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Commodity, Raw Material Prices May See Steady Rise Amid Russia-Ukraine Crisis: Steel Association

On the other hand, both Russia and Ukraine are net exporters of steel, cumulatively to the tune of almost 40 million tonnes, which will affect international steel availability

The prices of commodity and raw materials might increase amid Russia-Ukraine crisis.
The prices of commodity and raw materials might increase amid Russia-Ukraine crisis.

 Amid the Russia-Ukraine crisis, the commodity and raw material prices, including coking coal, will see a steady increase and this will, in turn, impact the input cost of steel production, the Indian Steel Association on Friday said.

On the other hand, both Russia and Ukraine are net exporters of steel, cumulatively to the tune of almost 40 million tonnes, which will affect international steel availability, the ISA said.

Metallurgical coal or coking coal is a vital ingredient in the steel-making process.

"The current situation is already getting reflected in higher oil and gas prices, leading to an increased cost of energy. Moreover, commodity and raw material prices will also see a steady increase. For example, coking coal prices have further started increasing, which was already at an elevated level. This, in turn, will impact the input cost of production," Indian Steel Association Secretary-General Alok Sahay told PTI.

Indian Stainless Steel Development Association (ISSDA) President K K Pahuja said that currently, there is the export of stainless steel worth 200 million dollars from India to Russia so material naturally will have problems in export during the current crisis.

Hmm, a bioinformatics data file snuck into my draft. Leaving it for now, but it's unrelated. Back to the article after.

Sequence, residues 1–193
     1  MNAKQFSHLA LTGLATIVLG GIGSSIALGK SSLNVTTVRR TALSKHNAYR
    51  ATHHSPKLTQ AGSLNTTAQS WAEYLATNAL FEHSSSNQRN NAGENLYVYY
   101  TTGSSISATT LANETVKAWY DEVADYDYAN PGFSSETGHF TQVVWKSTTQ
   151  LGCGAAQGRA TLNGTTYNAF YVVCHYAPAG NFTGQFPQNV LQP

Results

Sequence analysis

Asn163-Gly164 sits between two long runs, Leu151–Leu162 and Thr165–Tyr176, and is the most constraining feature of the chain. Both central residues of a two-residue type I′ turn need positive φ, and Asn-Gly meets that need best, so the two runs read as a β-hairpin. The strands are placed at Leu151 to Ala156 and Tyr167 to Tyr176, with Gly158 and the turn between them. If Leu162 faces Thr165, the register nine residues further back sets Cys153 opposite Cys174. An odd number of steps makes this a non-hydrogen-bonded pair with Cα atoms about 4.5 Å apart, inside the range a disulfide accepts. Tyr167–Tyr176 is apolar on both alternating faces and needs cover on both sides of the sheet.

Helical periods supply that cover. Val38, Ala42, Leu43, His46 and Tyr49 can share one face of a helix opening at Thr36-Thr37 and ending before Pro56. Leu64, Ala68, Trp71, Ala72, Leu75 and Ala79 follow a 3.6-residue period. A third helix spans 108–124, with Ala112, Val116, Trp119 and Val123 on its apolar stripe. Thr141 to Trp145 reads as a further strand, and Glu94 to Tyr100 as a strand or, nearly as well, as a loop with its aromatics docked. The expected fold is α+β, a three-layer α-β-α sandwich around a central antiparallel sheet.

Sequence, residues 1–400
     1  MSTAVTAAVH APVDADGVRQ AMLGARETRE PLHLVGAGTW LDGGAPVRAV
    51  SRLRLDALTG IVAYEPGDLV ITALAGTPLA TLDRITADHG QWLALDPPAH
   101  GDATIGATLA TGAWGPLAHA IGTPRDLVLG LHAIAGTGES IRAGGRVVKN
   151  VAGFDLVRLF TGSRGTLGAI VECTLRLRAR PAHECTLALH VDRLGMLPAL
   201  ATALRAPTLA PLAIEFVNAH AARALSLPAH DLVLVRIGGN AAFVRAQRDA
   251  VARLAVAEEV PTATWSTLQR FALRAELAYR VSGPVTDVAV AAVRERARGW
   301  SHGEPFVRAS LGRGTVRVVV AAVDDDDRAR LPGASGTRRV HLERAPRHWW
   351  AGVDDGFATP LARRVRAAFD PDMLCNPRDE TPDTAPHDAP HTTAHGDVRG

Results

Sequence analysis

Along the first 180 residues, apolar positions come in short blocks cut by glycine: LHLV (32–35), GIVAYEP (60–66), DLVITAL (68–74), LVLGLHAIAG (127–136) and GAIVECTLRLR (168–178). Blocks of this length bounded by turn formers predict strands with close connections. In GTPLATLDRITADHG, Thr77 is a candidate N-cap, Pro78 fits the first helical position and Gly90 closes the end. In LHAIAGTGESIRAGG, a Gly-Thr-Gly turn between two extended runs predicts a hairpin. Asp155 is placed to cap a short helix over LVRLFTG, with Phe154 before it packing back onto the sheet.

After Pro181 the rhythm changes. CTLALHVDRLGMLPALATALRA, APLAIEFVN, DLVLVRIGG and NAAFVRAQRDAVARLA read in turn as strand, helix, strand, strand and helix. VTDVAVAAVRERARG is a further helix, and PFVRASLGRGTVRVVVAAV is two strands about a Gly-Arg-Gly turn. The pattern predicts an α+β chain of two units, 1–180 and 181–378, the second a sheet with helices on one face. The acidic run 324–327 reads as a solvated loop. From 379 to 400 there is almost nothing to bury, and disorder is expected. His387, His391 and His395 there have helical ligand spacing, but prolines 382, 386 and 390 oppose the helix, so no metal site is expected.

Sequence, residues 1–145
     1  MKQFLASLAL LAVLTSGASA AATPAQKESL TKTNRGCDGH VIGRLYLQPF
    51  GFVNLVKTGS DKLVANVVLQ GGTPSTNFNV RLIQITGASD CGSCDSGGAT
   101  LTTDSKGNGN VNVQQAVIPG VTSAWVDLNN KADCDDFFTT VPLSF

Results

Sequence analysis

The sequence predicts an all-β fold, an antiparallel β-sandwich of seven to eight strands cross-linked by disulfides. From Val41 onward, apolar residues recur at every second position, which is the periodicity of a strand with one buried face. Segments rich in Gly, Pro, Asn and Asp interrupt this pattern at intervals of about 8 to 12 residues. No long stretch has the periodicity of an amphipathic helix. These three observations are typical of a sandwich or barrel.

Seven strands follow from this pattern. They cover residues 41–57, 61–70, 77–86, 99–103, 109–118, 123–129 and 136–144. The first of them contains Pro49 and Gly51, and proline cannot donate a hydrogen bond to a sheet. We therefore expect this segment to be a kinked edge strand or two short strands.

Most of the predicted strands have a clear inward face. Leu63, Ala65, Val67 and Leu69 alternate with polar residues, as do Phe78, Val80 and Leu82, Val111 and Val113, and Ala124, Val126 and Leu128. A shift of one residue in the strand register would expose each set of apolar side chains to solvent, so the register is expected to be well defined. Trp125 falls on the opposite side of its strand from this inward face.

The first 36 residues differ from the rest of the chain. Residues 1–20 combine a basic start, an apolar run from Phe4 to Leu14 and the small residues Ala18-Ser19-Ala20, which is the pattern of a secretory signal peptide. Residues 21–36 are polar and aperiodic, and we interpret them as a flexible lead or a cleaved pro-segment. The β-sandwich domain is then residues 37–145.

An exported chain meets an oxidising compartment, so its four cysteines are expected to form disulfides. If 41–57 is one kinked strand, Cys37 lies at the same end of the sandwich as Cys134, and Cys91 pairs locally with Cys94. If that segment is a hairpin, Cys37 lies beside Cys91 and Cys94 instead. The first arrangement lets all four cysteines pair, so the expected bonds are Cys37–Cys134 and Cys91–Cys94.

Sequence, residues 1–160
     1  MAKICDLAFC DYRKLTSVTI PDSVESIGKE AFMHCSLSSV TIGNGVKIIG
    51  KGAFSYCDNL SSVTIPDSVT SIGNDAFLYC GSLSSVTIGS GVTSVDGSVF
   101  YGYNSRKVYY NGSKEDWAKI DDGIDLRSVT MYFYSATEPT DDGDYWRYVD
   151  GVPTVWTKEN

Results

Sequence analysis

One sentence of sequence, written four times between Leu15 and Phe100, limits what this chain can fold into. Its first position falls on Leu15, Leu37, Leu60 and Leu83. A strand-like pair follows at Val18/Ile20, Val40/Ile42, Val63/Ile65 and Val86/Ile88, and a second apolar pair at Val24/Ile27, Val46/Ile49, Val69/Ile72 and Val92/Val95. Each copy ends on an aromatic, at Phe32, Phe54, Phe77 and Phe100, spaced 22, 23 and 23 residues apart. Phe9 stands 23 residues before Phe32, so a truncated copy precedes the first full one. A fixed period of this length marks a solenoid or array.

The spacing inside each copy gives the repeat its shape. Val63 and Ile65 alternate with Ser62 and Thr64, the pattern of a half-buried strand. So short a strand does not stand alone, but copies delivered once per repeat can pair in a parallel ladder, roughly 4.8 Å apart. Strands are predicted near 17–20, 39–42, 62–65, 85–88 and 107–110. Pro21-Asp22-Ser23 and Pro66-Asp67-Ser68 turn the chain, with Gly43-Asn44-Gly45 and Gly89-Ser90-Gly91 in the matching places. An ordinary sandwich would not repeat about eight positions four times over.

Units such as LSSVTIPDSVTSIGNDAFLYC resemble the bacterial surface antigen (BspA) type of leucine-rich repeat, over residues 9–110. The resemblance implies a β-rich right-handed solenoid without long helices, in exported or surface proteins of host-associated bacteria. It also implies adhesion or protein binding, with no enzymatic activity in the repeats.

"And, more than that, whatever material was already in transit or under export the payment may get stuck up... I think at any given time, $70-80 million will be stuck in payment. So, there is uncertainty on how that money will be realized. That is one area," he said.

Secondly, expect China other countries might also export to Russia and that material will also get blocked. So, material from Europe or other parts of Asia, which will become surplus, will also try to find markets in countries like India and that material may get diverted to India, he added.

"That is apprehension...if the exports from the other parts of the world get affected then that material may try to find alternative markets like India and we might have a glut here," he said.

On Thursday, Russia launched military operations against Ukraine. Meanwhile, The European Union leaders are putting on a united front and agreed on the second package of economic and financial sanctions on Russia. 

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